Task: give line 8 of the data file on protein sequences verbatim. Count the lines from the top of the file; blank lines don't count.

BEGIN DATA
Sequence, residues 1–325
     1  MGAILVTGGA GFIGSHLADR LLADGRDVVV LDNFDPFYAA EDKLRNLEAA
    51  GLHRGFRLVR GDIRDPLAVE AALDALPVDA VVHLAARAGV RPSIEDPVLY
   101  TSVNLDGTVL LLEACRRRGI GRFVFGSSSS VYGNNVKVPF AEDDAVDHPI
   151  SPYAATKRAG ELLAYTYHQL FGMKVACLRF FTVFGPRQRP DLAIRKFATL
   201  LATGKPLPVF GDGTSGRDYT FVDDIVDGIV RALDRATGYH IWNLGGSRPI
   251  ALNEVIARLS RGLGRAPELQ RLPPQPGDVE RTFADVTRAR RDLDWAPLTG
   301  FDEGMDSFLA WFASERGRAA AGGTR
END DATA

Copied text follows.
   301  FDEGMDSFLA WFASERGRAA AGGTR